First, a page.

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Kirkland receives relatively light sentence

23
Sep

James Kirkland could be fighting again in less than a year.

The junior middleweight contender was sentenced Wednesday in federal court in Austin, Texas, to two years in prison for felony gun possession. However, he could resume training in nine months because of five months already served, time off for good behavior and the judge’s decision to put him in a half-way house for the final six months of his term.

Kirkland could’ve received up to about five years, according to federal guidelines.

“The judge [James Nowlin] told James he was impressed with the team you have around you,” said Michael Miller, Kirkland’s manager and an attorney. “He said, ‘I’m going to give you the opportunity to still box and make a living. I’ll be watching you and everyone else will be watching you. Let’s see what you can do.’



“We’re very happy. This is the best we could’ve expected. The range was 48 to 56 months, which is what federal prosecutors were asking. This is basically a miracle.”

Kirkland was on probation for felony armed robbery in 2003, which precludes him from possessing a gun. However, in April, he bought one at a gun show in Austin – using his own identification – and it was found by police when he was pulled over in a traffic stop.

Miller said Kirkland behaved stupidly, not maliciously, and has learned his lesson.

“I think he has,” said Miller, when asked whether Kirkland learned from this experience. “If he hasn’t, then he’s hopeless. This is his mulligan. He needs to go take advantage of it.”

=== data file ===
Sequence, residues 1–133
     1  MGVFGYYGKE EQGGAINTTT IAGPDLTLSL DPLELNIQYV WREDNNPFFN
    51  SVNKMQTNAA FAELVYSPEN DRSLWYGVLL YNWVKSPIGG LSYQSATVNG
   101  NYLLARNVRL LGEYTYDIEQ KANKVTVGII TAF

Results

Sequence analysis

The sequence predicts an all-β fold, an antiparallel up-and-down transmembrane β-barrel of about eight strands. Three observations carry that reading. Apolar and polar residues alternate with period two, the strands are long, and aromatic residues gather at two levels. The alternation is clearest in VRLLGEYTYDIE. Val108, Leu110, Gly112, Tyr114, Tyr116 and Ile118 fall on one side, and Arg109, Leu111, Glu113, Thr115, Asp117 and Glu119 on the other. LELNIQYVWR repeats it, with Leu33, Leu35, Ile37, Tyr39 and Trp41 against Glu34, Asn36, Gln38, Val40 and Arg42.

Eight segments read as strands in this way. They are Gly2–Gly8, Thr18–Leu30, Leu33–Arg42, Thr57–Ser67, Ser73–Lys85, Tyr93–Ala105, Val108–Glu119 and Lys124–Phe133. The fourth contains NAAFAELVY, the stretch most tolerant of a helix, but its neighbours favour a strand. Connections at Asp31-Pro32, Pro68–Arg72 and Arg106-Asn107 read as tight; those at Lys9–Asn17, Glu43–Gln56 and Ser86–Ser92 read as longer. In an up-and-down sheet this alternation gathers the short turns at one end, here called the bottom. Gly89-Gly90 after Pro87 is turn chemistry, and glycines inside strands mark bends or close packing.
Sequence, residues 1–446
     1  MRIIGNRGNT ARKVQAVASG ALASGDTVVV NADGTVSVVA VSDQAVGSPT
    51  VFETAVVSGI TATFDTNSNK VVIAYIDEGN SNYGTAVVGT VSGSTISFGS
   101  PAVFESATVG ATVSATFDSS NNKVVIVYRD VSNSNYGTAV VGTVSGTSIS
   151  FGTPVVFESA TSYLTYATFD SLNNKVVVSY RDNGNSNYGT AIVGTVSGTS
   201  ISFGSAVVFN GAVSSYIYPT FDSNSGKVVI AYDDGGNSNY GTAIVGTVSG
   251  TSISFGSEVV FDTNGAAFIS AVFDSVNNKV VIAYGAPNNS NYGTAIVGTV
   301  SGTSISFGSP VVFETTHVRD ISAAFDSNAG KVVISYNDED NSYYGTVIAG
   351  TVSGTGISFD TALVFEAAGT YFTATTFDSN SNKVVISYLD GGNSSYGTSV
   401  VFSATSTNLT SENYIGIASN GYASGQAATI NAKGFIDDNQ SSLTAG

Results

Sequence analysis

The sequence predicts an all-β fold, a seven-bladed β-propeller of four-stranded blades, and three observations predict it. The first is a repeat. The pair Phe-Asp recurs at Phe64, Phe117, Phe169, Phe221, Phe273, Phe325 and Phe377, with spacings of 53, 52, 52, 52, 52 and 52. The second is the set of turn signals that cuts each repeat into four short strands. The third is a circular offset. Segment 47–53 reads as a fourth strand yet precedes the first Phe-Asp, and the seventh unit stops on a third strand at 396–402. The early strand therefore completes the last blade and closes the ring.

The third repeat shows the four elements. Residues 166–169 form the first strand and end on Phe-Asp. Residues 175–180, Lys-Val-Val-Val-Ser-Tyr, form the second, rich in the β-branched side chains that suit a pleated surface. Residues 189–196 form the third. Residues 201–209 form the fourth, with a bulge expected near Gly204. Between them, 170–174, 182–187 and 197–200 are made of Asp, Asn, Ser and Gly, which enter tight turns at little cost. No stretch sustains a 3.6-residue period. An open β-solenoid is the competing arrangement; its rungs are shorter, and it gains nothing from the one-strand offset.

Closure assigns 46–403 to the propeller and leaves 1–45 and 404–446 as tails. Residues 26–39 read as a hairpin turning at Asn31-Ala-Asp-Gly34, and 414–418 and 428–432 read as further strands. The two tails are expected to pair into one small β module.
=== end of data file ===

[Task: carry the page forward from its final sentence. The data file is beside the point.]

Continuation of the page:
Kirkland’s arrest put the brakes on a fast-rising career. The southpaw from Austin has knocked out all but three of his opponents with his swarming style and unusual punching power.

He will be only 26 when he is released from prison, assuming things go as planned. Miller said he and Oscar De La Hoya, who spoke on Kirkland’s behalf at the sentencing, discussed the possibility of Kirkland fighting in 10 months.

Kirkland (25-0, 22 knockouts) hasn’t fought since he knocked out Joel Julio in March in San Jose, Calif. So it’s possible that he will have been out of the ring only 16 months.

Miller expects Kirkland to serve his prison term at Bastrop Federal Correctional Institution in Bastrop, Texas, about 20 minutes outside of Austin. That would allow his family to visit him regularly.

And Kirkland’s attoneys will petition for the half-way house to be in Austin. Miller said Kirkland would be free to leave the half-way house from roughly 7 a.m. to 7 p.m. but would have to return in the evenings.

He'll be on probation for three years following his release.

Michael Rosenthal can be reached at [email protected]

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